Mother’s Day has traditionally been known as a day to celebrate and honor mothers and motherhood, maternal bonds, and the influence of mothers in society. Most of us feel as though we need or, better yet, deserve at least one day to set aside our daily duties and enjoy some quality pampering. There are so many of us juggling work, friends, kids, and extracurricular activities that we sometimes forget to take care of ourselves. This is particularly true for young mothers pursuing a higher education.
Young women in college are a group of individuals that we may inadvertently forget in this celebration of mothers, unless of course it involves reminding them to call their own mothers. Truth be told, young women aged 18-19 have the highest rate of adolescent pregnancy in the country. And you know what? Sometimes these women go to college and graduate with their degrees. How do they do it, you wonder? Well, sometimes I ask myself the same thing.
I had my daughter during my freshman year of college, in the midst of calculus, chemistry, and advanced English, and I’m not ashamed to say that I struggled. To get a feel for what this was like, please, just do me this one favor. Close your eyes and imagine this: you’re in your second semester of college, so you pretty much have the feel for the coursework. Sure, you might have four articles to read, a paper due in two days, a group project to tend to, and an exam in the morning, but like I said, you’re practically a professional student now. Now add, to this coursework, your seemingly-endless parental duties. If you just had your baby, you’re worrying about breastfeeding, changing diapers, wiping a snotty nose, washing the spit up out of every single shirt you wear… oh, and trying to fit in some sleep. Or if your baby’s a little bit older you’re worried about picking her up from daycare on time, cooking for her, playing with her before she goes to bed, sitting with her during bath time, and reading story after story until she falls asleep. While the rest of your classmates have a wealth of space, time, and opportunity to read, write, study and calculate; your double duties keep you perpetually exhausted. So, when do you have time to clean your house, do your homework, have a social life, AND sleep? Well, you don’t… unless you have an extra set of hands.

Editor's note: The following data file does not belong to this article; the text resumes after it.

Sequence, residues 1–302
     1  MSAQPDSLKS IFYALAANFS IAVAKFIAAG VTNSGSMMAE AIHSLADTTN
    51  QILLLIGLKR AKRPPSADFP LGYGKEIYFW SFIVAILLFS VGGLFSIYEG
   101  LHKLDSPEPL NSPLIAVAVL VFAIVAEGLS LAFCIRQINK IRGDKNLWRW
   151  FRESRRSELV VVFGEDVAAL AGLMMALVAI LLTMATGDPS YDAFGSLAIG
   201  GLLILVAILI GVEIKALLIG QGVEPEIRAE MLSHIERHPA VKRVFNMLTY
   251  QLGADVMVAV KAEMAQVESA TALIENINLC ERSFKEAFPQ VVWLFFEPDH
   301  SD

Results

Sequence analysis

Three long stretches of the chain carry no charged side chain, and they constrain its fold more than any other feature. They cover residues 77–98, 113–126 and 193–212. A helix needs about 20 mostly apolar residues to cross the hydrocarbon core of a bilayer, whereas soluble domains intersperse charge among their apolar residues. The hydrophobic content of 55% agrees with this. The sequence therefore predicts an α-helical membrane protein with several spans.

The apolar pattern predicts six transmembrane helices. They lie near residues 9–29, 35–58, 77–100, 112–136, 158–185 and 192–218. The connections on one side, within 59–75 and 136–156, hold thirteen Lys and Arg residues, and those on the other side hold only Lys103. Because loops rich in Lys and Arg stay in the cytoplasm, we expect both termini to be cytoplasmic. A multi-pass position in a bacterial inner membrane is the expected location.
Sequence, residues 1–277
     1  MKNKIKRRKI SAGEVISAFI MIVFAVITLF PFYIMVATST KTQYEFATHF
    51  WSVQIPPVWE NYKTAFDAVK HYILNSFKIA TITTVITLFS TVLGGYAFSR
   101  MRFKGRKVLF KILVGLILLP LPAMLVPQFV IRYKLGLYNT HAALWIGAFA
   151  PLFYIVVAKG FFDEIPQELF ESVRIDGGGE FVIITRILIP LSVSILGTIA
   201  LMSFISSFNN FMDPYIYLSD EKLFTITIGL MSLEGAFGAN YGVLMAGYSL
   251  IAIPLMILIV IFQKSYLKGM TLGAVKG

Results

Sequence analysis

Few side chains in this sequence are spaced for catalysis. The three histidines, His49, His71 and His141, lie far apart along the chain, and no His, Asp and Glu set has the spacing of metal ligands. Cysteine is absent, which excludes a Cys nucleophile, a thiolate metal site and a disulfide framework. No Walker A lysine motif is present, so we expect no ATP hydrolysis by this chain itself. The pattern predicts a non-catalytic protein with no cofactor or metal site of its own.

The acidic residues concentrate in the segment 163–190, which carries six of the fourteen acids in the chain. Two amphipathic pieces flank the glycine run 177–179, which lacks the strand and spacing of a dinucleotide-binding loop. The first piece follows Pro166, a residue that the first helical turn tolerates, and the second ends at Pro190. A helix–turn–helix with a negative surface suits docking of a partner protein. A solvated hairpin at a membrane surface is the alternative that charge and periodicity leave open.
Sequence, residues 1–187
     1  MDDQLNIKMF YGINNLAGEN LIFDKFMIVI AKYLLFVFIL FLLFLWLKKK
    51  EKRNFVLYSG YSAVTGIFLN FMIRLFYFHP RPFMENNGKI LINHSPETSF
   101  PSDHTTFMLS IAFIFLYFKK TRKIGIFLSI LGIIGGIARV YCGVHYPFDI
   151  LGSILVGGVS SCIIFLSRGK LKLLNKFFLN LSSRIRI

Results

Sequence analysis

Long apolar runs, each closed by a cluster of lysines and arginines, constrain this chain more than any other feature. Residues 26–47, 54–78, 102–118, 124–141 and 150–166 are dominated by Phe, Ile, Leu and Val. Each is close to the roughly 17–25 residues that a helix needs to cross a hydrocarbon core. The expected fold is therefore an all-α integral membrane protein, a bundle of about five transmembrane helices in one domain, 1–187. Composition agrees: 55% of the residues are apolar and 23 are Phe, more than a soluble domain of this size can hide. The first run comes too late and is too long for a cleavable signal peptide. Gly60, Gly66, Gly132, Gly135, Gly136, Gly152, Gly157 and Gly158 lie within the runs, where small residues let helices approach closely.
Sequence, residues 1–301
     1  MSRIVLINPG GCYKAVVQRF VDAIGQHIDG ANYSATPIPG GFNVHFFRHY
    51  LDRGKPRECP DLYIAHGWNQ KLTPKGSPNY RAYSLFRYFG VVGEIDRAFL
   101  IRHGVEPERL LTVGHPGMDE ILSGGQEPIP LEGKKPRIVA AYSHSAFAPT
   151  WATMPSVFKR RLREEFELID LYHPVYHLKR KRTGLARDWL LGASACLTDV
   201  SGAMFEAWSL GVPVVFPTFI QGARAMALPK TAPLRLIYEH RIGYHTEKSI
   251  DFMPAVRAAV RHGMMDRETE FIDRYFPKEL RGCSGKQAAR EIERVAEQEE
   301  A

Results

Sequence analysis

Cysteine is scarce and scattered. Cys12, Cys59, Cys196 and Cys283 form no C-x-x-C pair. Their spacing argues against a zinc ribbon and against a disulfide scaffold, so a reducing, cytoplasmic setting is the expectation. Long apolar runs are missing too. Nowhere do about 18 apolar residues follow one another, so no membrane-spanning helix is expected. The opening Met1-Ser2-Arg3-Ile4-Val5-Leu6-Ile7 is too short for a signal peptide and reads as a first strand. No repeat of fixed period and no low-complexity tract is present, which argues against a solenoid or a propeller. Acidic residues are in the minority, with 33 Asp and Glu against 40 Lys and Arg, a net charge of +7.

Now we come back to the question on everyone’s minds: “How in the world do you do this?” In truth, it all comes down to actually having that extra set of hands – knowing where and when to turn for help and acknowledging that you really can’t do it all on your own. You can try, and please take a moment to pat yourself on the back if you are a self-renowned super hero, but I can almost guarantee you that without help, something is going to falter. I realized as soon as my daughter took her first breath that I was going to need assistance with this whole mothering thing, and I learned throughout my college career that it truly does “take a village” to raise a child.
So this is where the power of mothers – both biological and social – genuinely comes into play. Unlike some pregnant and parenting adolescents, I was fortunate to live with my mother through all of my years of college. She watched my daughter when I had to study for exams, played with her on the mornings after I’d pulled an all-nighter, and tucked her into bed when I didn’t have the strength to do it myself. And then there were my friends – the women in my life who had no children of their own but became make-shift mothers in my most dire situations. These women kept my daughter when I was so overwhelmed with my coursework that I just wanted to quit. They fed her, bathed her, and clothed her so that for just one night I could remember what sanity felt like. Without each of these women I really don’t know which direction my life would have taken.
The point of the story here is that every woman needs to find her “village,” to have at least one person she can lean on in the event that everything feels like it’s falling apart. Mother’s Day is not just about celebrating the women who have children. It’s about celebrating the women who step into the mothering role when we need them the most, many times without even being asked. It’s about celebrating the women who help each and every one of us to be the best mothers WE can be to raise children that are capable of living up to their full potential.
So, for those of us who received our bundles of joy a bit early in life, just remember that your tenacity is admired by many and that you too are deserving of a day to be loved, appreciated, and pampered. And for every woman supporting a college mother, your hard work and dedication doesn’t go unnoticed. To each and every woman preparing a child for adulthood, I say Happy Mother’s Day.Amanda Zabala is a graduate intern at the Center for Maternal and Infant Health. She is currently attending the University of North Carolina at Chapel Hill, Gillings School of Global Public Health, and majoring in Maternal and Child Health.